Featured Fresh Pick - Cranberries
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Featured Recipe: Cranberry Cornbread Dressing
The cranberry is one of only three fruits native to North America that is commercially grown. The only others are the blueberry and Concord grape. Cranberries are a very picky crop, as they require very specific conditions to grow. They need acidic peat soil and sand, as well as an adequate supply of fresh water and an unusually long growing season, lasting from April until November. The winter months are an important component to growing cranberries, as the fruit requires a long, chilly dormancy period to mature fruiting buds. All of these requirements come together in unique places called bogs, created during the last ice age, and the region best known for bogs is Cape Cod, Mass.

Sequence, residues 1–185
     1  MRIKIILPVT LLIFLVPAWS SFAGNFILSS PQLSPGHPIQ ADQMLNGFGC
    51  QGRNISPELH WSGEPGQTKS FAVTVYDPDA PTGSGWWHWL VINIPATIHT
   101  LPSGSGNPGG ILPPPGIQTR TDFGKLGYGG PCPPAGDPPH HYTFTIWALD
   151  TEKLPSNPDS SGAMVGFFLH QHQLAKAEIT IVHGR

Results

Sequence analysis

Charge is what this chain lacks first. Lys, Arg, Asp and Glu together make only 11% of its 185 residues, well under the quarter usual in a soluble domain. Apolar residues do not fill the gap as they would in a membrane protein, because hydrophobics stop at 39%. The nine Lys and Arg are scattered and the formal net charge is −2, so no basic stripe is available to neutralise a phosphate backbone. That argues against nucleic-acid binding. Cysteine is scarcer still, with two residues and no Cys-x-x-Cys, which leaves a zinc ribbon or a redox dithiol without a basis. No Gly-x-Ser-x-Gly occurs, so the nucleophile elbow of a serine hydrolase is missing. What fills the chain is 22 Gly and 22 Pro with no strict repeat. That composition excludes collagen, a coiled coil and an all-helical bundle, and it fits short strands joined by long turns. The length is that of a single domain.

This is not the only place in North America where cranberries are produced. Cranberry bogs can be found in several states along the Eastern seaboard and Pacific Northwest. In Canada cranberries are grown in several of the Maritime provinces, as well as Ontario, Quebec and British Columbia. Cranberries are packed with a variety of nutrients, vitamins and antioxidants yielding enormous health benefits. They are also a highly versatile fruit that can be used in recipes for every meal of the day, not to mention healthy snacks and desserts. Their signature tart flavor adds an unmistakably delicious flavor to dishes, but of course are a wonderful treat straight from the bog or in the form of juice.
Did You Know?
- Some cranberry vines in Massachusetts are well over 150 years old and are still functioning today.
- Cranberries are very lightweight; 333 cranberries may seem like a lot, but they only weigh about one pound.
- Cranberries are able to float and bounce in the water due to small pockets of air within the berry.
- On average, there are about 200 cranberries in a can of cranberry sauce.